Apparently, if you'd paid attention to the actual science of BSG—specifically blood types and machine diseases—you'd have been able to piece together that humans and Cylons would get it on, interspecies style.
At the New York Comic Con's Science of Battlestar Galactica/> panel—centered around Patrick Di Justo's book of the same title—Di Justo revealed that the show itself gave two very large hints that, in the end, humans and Cylons would become one species.
In the second-season episode "Epiphanies," Helo and Sharon's unborn daughter, Hera, is examined by Doc Cottle, who explains that the hybrid fetus has no blood type—and that, apparently, is strange news to the Colonial survivors. But 40 percent of humanity today has no blood type—Type O—which means that, somehow, that particular Cylon-specific trait got introduced into humans.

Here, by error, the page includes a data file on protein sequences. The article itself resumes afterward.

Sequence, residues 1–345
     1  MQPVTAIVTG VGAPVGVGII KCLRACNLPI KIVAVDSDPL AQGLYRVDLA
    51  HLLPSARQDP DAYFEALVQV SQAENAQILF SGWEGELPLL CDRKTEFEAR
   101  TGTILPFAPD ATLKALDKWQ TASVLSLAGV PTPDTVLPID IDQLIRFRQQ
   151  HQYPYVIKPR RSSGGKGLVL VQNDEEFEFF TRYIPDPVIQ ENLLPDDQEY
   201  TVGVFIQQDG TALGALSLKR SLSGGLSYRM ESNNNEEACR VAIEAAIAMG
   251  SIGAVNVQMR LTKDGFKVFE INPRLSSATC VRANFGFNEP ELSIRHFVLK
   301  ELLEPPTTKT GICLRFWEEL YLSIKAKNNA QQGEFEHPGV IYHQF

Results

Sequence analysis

And in the third-season episode "A Measure of Salvation," the Cylons come down with a mysterious disease—lymphocytic encephalitis—which is deadly to the machines but to which the show's humans are immune. Now, lymphocytic encephalitis is an actual disease—one primarily carried by rodents—and humans are most definitely not immune to. So how did humanity lose their immunity? Centuries of breeding.
If only we had been a little more alert—and knew a lot more about medicine—we'd have been the King of the Watercooler the day after the finale aired.